We now have the formula: natural events are not God’s messages, but are merely God’s normative laws at work. Hurricanes and tsunamis are as natural as drops of rain.
One last idea struck me that appears to parallel this idea, that God’s makes Himself known either through overt miracles, or predicted events.
When Moses approached Pharaoh throughout the Plagues, he followed God’s directive. There were three sets of three plagues each:
[Set I] A. Blood, B. Frogs, C. Lice;
[Set II] A. Wild Beasts, B. Animal Deaths, C. Boils;
[Set III] A. Hail, B. Locusts, C. Darkness.
(“Firstborns” was a separate plague).
In each set, “A” required Moses’ warning of Pharaoh at the Nile at “morning time”, “B” required Moses to warn him to “come” before Pharaoh in his palace, and “C” came without warning. What is God’s plan in this design?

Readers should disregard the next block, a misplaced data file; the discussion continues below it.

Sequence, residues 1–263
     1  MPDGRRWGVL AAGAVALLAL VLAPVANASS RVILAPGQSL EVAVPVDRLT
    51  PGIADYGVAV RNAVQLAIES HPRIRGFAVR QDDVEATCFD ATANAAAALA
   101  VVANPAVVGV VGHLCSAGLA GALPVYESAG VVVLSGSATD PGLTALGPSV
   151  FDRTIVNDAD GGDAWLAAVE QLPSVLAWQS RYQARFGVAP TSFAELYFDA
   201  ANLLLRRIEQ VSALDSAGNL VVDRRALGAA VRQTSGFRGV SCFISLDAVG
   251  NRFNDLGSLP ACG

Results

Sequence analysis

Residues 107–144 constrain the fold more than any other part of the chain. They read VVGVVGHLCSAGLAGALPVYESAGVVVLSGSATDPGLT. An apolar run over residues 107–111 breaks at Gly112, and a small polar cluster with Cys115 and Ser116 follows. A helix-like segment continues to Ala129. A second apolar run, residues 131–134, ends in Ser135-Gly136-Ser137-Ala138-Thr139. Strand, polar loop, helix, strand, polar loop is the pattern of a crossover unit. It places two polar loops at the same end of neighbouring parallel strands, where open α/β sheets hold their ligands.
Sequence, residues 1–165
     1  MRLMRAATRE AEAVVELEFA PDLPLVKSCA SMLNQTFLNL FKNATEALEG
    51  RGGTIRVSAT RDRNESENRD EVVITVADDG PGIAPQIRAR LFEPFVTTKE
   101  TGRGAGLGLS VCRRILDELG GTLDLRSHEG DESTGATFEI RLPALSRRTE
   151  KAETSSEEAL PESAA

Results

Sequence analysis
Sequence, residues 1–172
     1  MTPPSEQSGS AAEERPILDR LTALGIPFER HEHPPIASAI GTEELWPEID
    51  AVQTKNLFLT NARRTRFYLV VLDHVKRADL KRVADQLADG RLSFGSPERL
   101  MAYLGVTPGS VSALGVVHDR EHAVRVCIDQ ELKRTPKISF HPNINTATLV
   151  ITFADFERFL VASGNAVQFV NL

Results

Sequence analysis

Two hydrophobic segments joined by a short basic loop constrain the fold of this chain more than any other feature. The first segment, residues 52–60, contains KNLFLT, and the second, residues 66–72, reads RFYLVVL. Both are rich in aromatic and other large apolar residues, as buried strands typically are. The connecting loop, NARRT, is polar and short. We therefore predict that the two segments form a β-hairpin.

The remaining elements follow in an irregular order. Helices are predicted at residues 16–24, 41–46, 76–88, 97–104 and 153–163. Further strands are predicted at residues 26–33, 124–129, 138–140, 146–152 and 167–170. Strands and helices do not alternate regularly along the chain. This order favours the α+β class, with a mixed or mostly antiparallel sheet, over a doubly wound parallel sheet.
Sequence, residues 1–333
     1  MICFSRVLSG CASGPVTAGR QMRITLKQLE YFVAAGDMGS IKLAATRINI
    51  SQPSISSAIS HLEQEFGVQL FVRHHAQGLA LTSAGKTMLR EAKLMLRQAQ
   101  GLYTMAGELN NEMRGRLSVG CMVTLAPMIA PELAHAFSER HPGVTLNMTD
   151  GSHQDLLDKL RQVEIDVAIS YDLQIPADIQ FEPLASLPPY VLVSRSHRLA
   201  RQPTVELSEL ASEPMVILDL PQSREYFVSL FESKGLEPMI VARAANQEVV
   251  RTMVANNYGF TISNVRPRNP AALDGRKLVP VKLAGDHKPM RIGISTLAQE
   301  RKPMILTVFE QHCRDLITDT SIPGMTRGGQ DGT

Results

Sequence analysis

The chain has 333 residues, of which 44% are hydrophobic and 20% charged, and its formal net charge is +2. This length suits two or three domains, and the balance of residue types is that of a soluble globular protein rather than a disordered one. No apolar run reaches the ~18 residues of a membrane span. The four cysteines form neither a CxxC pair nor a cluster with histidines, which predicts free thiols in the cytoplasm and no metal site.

God desired the plagues to arrive, either with warnings, i.e., “predictions” (the first two in each set) or, He delivered the third plague of each set, unannounced. Perhaps, these two methods were used, precisely for the reason we have stated: God wished to provide undeniable proof of His existence and control over the universe. To do so, He manifested His control with either miraculous feats, or at predicted moments. Such miracles and predictions cannot be explained away by nature. God used, and continues to use these two modes of evidence of His will. And when these two modes are absent, man has no right to suggest an event is God’s will, targeting some people or region. As Rabbi Reuven Mann mentioned, it is cruel for one to accuse the victims of Katrina of deserving God’s punishment. What about the six million in Europe? Why not accuse your own first? Furthermore, when God destroyed Sodom, He said, “let us go down and investigate if they deserve destruction.” Meaning, God needs no investigation, He knows all. But He meant to teach that investigation is warranted before punishing man. Where has anyone made any semblance of investigation before suggesting Katrina’s victims were deserving of death?